Although the two never converse about their feelings for one another in Grand Isle, the reader sees that Edna becomes uninterested in sharing nights with her husband, and then is seen in a state of bliss when she is enjoying her freedom either with Robert or alone. Robert never carries out his love for her physically because of certain common standards that limit his actions. Robert departs Grand Isle for Mexico because he can not handle being near her knowing it will be impossible to act out on his love. Edna becomes discontent thinking of how close they had become and returns to her home in New Orleans with a new look on life. While away in Mexico, Robert remains in Edna's thoughts and is still a most important factor of Edna's awakening process even if he is not present. For the remainder of the novel, the protagonist remains in love with Robert, and slowly begins disassociating herself from her family, friends, and the rest of society.

Her husband begins to worry as she had put a halt to daily tasks around the house which she used to take part of. She puts all her effort into her paintings, and before we know it Edna moves out of her home while determined to find her freedom. Later in the story we are told that Robert moves back to New Orleans with complete recognition that the love he has been waiting for is unattainable because of societal limitations. He feels so strongly about this that he rejects the following disclosure by Edna, "I am no longer one of Mr. Pontellier's to dispose of or not.

I give myself where I choose." (Chopin 178) When Robert leaves Edna the final time, he leaves a note saying he must say goodbye because of the love he has for her. This note finally makes it clear to Edna that the transformation she had been in search of is unattainable, leaving her in a vast state of solitude and feeling as if she did not belong anywhere. Edna feels her only escape now is to take her own life because of the unexpected outcome of her awakening. Finally we are able to analyze, Mademoiselle Reisz, the most influential character present during Edna's awakening. Edna and Mademoiselle's first encounter was in Grand Isle, where Edna's reaction to her piano playing allowed her to feel and become aware of her emotions. By the end of the story we see that Mademoiselle's piano playing opened up a new sense of feminine ability for passion in Edna's life.

The piano being Mademoiselles passion and her sense of freedom and independence all refer to the thoughts Edna has making Mademoiselle her muse. Remaining unmarried and childless, Mademoiselle is regularly available to converse with Edna, quickly making them companions. Although Mademoiselle is not very social in Grand Isle, she manages to form a connection with Edna and speaks to her about Robert's departure from Grand Isle; the two women form a bond and continue their friendship after the summer in New Orleans. Throughout the story we learn that Mademoiselle is the only person who knows of the relation held between Edna and Robert. The two continue to meet on several occasions and provide company for each other, but Edna's understandings of herself as a woman with a passion for painting continues to increase as they communicate. "The lonely and bitter musician Mademoiselle Reisz both helps Edna entangle herself with Robert and warns her of the sacrifice any artist must make, thus serving both the romantic and the realist of the ever vacillating Edna" (Wyatt).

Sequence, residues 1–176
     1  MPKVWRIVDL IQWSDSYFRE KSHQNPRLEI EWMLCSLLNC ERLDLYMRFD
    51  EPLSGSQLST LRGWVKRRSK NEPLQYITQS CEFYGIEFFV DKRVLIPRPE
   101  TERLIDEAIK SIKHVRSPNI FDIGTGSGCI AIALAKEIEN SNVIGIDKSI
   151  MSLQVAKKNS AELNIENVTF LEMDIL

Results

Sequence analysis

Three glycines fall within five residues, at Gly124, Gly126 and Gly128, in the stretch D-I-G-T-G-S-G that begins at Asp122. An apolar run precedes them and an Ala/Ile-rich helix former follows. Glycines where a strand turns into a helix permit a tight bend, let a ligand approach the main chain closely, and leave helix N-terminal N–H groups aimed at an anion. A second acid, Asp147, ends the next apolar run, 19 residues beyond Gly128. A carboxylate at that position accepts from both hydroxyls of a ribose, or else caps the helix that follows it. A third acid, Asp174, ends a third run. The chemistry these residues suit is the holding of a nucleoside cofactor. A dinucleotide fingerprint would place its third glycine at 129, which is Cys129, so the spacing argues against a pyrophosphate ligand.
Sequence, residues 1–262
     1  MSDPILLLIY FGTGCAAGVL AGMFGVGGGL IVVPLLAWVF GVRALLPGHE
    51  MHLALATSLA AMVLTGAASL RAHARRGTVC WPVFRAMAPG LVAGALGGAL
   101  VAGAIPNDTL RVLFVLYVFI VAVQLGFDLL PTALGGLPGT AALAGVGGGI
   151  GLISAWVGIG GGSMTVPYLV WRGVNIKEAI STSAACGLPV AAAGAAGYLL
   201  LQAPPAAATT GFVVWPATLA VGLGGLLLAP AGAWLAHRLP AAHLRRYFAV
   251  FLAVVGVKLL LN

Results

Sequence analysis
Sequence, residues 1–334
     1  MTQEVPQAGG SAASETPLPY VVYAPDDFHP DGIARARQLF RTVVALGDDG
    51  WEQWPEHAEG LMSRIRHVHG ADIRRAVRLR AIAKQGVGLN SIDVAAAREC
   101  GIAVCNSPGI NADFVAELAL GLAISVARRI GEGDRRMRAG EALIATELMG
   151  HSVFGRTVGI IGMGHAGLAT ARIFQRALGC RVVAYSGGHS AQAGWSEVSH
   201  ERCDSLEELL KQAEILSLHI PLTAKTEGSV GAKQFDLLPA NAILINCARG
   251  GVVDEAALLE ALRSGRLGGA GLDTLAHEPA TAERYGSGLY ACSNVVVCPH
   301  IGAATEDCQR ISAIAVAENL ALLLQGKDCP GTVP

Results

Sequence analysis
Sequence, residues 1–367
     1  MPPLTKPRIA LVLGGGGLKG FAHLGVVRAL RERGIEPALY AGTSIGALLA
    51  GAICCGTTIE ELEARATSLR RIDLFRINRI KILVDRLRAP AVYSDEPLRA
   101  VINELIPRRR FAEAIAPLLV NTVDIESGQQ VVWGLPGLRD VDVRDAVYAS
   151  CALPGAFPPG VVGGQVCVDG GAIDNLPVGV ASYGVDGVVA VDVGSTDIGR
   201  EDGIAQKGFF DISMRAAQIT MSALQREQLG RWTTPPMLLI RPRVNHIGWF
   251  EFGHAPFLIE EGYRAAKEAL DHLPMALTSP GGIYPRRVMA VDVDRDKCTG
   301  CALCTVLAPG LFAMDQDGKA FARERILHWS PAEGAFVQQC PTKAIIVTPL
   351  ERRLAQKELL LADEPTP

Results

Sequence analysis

Edna finds her companion so entertaining and inspiring because of her sense of self-governing and her ability to pursue her passion of the piano without putting too much emphasis on societal standards which seem to regulate Edna's life. It is clear that the protagonist, Edna, is determined to find independence and self-fulfillment throughout the story. In the novel, The Awakening, by Kate Chopin, we are introduced to three main characters that all influence Edna's extensive and crucial search for freedom. Each individual leads Edna's search in a different direction, causing her to take her own life by drowning herself in the ocean.

"In the end, despite her developments in selfhood, the only escape from her biological destiny as a woman in society, possessed, sexual, and ruled, is death" (Wyatt). It is understood by many that Chopin's upbringing as a child, primarily run by women, heavily influenced the character portrayed by Edna Pontellier and her constant search for autonomy. As we begin to see the protagonist evolve in the story, it is made clear to us that Chopin's personal history as a child had a massive impact on Edna's character. After completing the novel the reader is able to see that Chopin was affected greatly growing up in a female oriented household resulting in her widespread search for independence and discovering the power of her own sexuality.